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    Autonomous Sensory Meridian Response (ASMR) is purposely elicited by some individuals to promote health and mental wellbeing. The aim of the current study was to explore how ASMR is used and its perceived benefits in a student population. We employed semi-structured qualitative interviews, with eight female students who self-reported as ASMR-sensitive users. Inductive thematic analysis, underpinned by a phenomenological framework, was applied to the data. Two themes, each with three subthemes, were identified; these highlighted the journey from first discovering ASMR to present experience and the use of ASMR to promote health and mental wellbeing both directly and indirectly. For some, ASMR was used daily, whilst for others it was used in a relapsing-remitting fashion: usage increased when struggling with mental wellbeing and was most often used as a tool to induce sleep or distraction when feeling anxious. Participants also reported ASMR-eliciting content as intriguing, and that the phenomenon was regarded as taboo. ASMR appears to play an important role in promoting health and mental wellbeing; frequency of use, preferred triggers, and purpose of use varied, highlighting its flexible and subjective nature. It provides a potential cost-effective tool in populations such as students where mental health needs are burgeoning.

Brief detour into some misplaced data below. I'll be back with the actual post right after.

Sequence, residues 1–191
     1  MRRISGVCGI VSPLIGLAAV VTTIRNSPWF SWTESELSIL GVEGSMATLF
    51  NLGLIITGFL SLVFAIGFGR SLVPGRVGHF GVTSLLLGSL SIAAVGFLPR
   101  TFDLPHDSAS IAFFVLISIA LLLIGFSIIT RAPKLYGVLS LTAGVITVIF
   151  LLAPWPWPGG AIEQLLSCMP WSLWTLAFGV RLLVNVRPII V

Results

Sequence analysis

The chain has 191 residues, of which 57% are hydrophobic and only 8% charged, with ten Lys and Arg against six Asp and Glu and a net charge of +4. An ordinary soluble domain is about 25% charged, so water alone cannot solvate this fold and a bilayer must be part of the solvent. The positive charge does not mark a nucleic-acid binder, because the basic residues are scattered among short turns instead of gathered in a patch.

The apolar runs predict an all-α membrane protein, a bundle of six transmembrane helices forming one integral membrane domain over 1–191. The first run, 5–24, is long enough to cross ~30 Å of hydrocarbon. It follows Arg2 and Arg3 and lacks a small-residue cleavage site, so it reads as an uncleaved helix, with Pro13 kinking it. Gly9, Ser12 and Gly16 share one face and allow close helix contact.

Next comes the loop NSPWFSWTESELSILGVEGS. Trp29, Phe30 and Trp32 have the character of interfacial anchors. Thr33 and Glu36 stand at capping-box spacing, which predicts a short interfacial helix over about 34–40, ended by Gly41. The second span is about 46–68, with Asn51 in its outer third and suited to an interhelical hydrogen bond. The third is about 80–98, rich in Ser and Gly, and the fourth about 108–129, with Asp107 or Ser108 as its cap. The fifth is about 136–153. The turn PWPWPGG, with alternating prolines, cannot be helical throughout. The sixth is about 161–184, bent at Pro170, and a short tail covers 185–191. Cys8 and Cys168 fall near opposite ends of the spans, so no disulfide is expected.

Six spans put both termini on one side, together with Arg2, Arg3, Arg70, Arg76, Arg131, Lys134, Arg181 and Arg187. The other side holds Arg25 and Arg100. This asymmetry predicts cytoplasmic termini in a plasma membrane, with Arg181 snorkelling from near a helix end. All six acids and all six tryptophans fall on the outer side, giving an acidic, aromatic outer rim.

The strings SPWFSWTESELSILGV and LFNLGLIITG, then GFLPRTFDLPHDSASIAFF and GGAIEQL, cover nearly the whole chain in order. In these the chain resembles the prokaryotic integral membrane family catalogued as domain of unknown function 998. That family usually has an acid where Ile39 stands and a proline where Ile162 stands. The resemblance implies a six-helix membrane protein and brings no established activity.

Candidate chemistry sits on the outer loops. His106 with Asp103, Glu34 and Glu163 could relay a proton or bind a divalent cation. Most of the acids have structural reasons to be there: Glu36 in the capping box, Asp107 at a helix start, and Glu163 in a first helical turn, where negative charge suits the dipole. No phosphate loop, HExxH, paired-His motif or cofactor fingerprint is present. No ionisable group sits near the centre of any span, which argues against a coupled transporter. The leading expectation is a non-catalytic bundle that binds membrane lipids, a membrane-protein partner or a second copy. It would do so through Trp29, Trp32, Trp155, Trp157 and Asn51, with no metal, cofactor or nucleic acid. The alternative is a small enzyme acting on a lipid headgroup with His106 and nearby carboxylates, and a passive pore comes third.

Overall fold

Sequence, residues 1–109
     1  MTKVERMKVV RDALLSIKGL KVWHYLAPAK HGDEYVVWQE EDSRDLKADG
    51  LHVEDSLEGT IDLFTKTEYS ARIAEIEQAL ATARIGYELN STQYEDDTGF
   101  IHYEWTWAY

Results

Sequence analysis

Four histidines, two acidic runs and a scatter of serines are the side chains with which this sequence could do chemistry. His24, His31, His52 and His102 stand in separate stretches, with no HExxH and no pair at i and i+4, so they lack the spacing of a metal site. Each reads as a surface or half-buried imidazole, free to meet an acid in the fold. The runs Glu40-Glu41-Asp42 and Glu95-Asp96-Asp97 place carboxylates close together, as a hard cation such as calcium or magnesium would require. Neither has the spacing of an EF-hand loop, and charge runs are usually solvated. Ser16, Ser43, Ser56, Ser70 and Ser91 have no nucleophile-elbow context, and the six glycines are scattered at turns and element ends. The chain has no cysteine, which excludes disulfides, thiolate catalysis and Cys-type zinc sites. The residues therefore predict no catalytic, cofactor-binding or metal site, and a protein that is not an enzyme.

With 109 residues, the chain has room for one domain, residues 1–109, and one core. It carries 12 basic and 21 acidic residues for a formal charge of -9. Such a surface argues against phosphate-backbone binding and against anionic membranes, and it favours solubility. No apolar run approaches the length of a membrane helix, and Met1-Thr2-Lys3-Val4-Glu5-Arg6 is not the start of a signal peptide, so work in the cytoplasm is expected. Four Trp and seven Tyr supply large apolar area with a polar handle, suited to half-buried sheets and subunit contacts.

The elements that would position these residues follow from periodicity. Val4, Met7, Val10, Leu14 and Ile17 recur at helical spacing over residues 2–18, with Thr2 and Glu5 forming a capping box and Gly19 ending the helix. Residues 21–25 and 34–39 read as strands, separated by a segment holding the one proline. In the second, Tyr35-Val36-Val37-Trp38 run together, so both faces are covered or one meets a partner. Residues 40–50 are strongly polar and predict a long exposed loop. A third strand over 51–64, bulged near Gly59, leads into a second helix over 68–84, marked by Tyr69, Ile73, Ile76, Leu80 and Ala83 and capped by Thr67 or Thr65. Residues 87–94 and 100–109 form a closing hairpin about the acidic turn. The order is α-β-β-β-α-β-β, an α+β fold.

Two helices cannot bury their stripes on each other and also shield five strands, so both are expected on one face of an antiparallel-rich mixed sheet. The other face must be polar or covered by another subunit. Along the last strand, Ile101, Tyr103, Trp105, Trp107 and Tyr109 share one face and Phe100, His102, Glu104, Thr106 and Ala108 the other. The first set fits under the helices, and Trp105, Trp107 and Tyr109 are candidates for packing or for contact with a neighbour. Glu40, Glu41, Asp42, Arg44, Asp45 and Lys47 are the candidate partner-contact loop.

Nicole Woods, Julie M Turner-Cobb. It's like Taking a Sleeping Pill': Student Experience of Autonomous Sensory Meridian Response (ASMR) to Promote Health and Mental Wellbeing. International journal of environmental research and public health. 2023 Jan 28;20(3)

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    PMID: 36767701

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